·         At sea, new EU law arising from the Ports Service Directive, currently under consideration, would be seriously harmful against the UK’s privately-owned facilities if it wasn’t removed quickly by the Great Repeal Bill 
·         In the air, leaving the EU would mean an end to UK participation in the Open Skies negotiations between the EU and US and could mean a return to the last bipartisan deal, Bermuda II, which was drawn-up in 1946 and is not suitable for modern aviation
·         On the roads, the Driver and Vehicle Standards Agency is already under-resourced and bereft of serious powers relating to non-UK vehicles – a situation which, without better financial and statutory support will only get worse after Brexit

Government heeds Rob's call for urgency over whiplash fraud – drivers to see insurance premium cuts

Details have been released of a consultation on fake whiplash injuries which could see drivers save £40 - £50 per month on insurance premiums, three days after Rob demanded to know why government was dragging its heels over the matter.  Ministers are looking at scrapping the right to compensation or capping it, following the dramatic rise in the number of fake claims.

Sudden demand for beds shows folly of closure plan

The surge in demand which led to the emergency opening of wards for patients being discharged from Royal Stoke University Hospital (Royal Stoke) over the weekend shows the dangers of the rush to close beds, says Rob

The Sycamore ward at Bradwell hospital was due to close at the weekend but was kept open at the last minute, and a children’s ward at Royal Stoke has had to be repurposed to meet demand following an outbreak of the winter vomiting bug in three of its wards.

“This is a very timely reminder of the dangers of closing community beds”, said Rob, “and there is no question in my mind that the lack of beds will severely damage health care in our city.  We are not even into the worst of winter and already we’re seeing these beds being needed, yet the CCG is still forcing through closures?  Yet again the whole process is shown to be a shambles driven by accountants not doctors.”

Rob calls for compensation for cheated British lorry firms

Rob is demanding lorry owners receive thousands of pounds compensation after it emerged they have been cheated by a cartel of manufacturers.  British hauliers were ripped off by as much as £9000 per vehicle because the group fixed prices at inflated levels.  Big names including Volvo/Renault, Daimler, Iveco and DAF have been hit with a £2.52 billion fine for secretly passing on the cost of tougher emission controls to customers.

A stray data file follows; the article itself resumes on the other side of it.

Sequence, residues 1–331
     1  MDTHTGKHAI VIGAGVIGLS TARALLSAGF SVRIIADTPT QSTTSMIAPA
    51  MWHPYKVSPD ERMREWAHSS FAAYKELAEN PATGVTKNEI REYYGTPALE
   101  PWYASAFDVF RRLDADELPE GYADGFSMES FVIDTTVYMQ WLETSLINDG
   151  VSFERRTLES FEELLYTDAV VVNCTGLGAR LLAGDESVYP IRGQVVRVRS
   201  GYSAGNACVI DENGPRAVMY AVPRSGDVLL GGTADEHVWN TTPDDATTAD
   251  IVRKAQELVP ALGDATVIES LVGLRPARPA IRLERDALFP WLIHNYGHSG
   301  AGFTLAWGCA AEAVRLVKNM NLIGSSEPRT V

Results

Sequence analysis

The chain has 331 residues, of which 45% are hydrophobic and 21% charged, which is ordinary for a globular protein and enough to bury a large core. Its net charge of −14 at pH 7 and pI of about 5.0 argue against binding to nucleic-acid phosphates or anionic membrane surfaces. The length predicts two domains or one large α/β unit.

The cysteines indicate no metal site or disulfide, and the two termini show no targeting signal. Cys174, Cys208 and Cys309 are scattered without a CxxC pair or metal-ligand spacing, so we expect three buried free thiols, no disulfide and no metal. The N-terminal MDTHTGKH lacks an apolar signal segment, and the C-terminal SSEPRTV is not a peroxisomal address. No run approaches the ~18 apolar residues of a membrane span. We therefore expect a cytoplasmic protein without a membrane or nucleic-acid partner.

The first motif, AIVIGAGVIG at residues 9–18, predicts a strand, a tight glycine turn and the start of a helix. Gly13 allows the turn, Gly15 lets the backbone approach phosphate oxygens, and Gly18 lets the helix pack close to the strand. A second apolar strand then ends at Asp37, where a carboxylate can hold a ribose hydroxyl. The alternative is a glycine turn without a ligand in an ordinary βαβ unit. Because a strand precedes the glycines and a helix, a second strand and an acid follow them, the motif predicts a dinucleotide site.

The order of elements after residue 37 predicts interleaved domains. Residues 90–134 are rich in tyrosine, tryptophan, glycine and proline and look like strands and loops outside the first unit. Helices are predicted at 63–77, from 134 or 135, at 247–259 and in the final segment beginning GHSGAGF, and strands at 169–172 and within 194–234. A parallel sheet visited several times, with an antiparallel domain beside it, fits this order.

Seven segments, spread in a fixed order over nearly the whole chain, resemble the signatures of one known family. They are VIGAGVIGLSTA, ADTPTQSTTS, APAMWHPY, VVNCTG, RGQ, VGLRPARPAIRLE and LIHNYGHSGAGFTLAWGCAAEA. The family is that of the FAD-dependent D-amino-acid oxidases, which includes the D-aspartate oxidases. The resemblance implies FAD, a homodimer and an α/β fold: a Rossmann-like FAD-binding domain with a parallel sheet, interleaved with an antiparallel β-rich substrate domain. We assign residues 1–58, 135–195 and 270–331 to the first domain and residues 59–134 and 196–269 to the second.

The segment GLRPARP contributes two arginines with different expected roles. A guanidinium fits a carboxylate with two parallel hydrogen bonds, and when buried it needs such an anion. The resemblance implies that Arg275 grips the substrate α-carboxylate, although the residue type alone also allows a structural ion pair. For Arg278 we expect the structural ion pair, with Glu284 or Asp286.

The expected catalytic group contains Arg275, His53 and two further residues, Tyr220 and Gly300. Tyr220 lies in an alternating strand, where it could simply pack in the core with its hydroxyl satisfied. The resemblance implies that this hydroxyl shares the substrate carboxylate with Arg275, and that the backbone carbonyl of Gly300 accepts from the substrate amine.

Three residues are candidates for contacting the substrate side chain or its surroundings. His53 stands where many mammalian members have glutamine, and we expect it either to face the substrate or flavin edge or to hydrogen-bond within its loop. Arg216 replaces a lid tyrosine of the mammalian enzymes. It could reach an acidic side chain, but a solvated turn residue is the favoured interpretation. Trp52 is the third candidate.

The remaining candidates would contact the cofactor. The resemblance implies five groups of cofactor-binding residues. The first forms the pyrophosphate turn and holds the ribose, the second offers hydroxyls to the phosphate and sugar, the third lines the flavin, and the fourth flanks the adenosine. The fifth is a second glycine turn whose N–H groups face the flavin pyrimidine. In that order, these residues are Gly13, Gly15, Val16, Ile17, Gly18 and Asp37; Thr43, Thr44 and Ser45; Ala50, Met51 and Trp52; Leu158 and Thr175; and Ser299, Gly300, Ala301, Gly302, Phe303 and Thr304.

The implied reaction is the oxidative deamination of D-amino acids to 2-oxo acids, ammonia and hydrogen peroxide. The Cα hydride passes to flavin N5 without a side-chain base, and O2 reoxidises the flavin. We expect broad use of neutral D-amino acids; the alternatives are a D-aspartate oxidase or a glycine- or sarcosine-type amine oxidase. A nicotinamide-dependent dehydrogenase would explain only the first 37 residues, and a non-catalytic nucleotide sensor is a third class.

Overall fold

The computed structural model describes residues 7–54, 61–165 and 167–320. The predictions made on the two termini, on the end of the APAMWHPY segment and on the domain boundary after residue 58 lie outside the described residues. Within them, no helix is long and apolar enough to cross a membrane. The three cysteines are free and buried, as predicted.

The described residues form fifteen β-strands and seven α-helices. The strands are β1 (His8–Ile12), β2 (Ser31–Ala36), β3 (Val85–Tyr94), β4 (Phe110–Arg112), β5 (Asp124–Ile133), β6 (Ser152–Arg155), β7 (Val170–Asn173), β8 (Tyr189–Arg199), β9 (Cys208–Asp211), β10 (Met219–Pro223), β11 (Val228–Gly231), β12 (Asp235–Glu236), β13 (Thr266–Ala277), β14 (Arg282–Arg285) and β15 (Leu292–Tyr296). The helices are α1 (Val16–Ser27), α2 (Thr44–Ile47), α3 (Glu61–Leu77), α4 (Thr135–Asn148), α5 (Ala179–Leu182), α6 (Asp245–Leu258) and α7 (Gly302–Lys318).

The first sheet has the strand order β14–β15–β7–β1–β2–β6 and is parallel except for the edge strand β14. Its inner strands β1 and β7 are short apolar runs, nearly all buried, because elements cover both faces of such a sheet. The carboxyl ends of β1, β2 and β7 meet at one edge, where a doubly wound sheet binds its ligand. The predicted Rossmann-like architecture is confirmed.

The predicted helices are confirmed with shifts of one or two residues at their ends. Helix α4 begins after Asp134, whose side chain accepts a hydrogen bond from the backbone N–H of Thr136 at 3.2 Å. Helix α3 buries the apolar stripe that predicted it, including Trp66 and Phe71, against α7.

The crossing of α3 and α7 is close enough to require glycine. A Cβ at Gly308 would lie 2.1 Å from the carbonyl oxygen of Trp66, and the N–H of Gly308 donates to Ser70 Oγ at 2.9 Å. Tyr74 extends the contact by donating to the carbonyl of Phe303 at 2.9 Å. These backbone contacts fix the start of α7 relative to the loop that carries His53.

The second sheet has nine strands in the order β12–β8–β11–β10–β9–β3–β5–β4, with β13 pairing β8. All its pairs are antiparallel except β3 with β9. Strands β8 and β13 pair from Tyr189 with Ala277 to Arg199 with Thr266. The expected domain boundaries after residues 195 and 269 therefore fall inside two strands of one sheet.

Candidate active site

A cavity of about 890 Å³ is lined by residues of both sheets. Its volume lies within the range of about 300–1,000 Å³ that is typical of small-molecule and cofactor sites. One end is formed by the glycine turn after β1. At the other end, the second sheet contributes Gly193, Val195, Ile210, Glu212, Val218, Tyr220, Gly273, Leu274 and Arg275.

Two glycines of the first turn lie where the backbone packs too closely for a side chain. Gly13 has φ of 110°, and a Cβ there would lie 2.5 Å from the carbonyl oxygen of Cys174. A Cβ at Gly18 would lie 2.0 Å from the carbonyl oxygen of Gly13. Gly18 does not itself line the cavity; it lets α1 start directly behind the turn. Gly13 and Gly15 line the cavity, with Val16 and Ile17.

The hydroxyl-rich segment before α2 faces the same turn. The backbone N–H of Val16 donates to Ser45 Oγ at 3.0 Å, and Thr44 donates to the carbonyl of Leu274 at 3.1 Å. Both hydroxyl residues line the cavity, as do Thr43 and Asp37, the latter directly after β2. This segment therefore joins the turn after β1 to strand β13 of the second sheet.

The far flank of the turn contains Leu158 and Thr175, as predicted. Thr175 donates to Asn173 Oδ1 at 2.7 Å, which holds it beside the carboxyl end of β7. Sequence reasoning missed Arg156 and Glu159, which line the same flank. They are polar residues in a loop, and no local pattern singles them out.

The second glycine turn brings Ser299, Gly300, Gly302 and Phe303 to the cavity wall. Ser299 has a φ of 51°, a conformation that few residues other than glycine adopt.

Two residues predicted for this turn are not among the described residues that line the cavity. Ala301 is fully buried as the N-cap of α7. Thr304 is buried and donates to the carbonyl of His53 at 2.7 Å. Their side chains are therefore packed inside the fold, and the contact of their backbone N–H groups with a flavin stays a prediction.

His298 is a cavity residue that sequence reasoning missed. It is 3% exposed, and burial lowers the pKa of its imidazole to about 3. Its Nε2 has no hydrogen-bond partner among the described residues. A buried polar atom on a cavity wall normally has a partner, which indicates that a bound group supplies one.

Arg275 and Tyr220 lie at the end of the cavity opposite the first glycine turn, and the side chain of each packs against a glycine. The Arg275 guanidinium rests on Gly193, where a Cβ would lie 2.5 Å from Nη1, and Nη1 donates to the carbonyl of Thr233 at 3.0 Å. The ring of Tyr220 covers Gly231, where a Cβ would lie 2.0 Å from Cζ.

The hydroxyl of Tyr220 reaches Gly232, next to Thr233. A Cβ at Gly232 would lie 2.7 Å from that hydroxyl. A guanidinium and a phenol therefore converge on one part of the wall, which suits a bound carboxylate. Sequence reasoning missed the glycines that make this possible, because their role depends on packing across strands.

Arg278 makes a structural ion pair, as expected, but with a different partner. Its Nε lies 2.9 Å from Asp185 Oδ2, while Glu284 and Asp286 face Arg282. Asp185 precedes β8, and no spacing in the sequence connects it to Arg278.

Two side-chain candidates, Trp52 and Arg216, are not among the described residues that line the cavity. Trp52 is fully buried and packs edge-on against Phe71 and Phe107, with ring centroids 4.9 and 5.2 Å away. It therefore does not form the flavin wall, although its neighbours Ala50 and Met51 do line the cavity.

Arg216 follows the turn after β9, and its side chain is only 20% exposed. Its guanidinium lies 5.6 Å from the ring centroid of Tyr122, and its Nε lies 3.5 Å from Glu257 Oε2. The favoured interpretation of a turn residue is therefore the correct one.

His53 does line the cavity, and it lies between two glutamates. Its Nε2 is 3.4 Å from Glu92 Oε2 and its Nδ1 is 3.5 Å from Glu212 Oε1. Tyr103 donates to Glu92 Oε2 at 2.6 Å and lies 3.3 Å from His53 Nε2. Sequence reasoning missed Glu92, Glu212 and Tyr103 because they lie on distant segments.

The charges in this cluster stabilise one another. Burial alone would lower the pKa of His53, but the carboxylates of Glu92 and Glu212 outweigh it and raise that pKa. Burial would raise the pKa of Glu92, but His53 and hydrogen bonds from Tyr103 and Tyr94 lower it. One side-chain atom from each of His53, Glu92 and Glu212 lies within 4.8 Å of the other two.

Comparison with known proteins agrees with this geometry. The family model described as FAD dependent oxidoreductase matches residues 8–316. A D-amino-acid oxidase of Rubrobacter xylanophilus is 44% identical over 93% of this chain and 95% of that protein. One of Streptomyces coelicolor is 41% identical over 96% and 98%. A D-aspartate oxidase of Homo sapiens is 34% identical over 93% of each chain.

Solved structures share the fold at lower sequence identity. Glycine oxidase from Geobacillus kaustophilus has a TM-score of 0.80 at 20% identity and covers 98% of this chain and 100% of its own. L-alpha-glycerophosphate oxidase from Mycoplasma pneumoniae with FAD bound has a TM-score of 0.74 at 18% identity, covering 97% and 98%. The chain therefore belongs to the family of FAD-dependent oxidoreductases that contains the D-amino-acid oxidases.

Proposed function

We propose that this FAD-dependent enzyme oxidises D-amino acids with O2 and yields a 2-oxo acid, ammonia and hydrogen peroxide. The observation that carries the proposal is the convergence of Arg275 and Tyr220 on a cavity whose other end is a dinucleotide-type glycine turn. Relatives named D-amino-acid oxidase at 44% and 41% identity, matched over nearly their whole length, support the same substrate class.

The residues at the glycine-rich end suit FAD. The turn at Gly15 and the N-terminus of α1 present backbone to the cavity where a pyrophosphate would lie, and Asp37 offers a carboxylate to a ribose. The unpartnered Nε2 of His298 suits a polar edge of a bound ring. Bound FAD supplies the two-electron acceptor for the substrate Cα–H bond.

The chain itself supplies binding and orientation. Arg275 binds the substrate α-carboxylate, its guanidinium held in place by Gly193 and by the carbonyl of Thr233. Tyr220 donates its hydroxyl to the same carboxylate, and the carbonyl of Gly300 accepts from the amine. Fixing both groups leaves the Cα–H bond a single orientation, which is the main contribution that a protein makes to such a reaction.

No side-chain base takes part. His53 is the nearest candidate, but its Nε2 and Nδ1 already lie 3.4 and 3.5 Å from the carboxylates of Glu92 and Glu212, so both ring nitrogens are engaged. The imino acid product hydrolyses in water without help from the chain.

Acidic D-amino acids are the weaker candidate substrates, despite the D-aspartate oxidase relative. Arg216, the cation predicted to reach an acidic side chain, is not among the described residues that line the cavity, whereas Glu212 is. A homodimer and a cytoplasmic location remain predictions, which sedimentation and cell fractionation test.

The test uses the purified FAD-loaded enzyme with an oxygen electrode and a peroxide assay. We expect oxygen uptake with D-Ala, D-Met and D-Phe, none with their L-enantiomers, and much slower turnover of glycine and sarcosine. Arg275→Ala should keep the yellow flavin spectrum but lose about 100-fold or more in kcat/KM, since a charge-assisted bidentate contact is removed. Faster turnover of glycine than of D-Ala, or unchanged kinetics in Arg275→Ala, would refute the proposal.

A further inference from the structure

“Anyone who bought a new truck between 1997 and 2011 from one of the cartel cheats should be due a payout and they shouldn’t have to go to court to get it,” said Rob, who is a member of the Transport Select Committee and chairman of the All Party Group on Freight.  “These big companies have been sitting on cash belonging to British businesses for years and they should be forced to cough up without waiting for a solicitor’s letter.  It’s hard enough for players in our freight sector, especially the smaller ones, to make a decent living, without being conned by giant global corporations.”

The government delay which could be costing every driver £50 per year

Rob is demanding that the government stops dragging its heels over releasing the results of a consultation about whiplash injuries in car accidents.  Experts in the insurance industry suggest possible changes to the law could mean drivers would save £40 - £50 each on their premiums, as they have promised to pass any savings to customers.

Rob says, “Back in May, the minister, Lord Faulks, said the consultation findings wouldn’t be released until after the referendum – an excuse which, like the minister himself, now seems to be well and truly expired.  His replacement, Oliver Heald, presumably has the document sitting in a drawer somewhere.  Has he read it?  If so, isn’t it time the rest of us had a look, please?”

Blame for High Speed 2 missed opportunity “lies squarely at the coalition’s door”

Rob and fellow local MP Ruth Smeeth have blasted the ruling coalition on Stoke-on-Trent City Council, as a new report made it ever more unlikely that the city will see any benefit from the High Speed 2 (HS2) railway line.

The latest publication from HS2 Limited proposes a link between Stafford and the HS2 line but makes hardly any mention of Stoke-on-Trent at all, instead providing simple assurances that quicker journey times to Stafford will boost the economy as a whole.

“I am absolutely stunned by this recent development”, said Rob, “and I am furious with the City Council - what on earth have they been doing these last 18 months?!

“As soon as it became clear that we were going to be denied a proper HS2 stop the Council should have been doing all it could to get the maximum possible benefit for the city.  That’s what they said they were doing, so they’ve either decided not to bother or failed miserably in their efforts.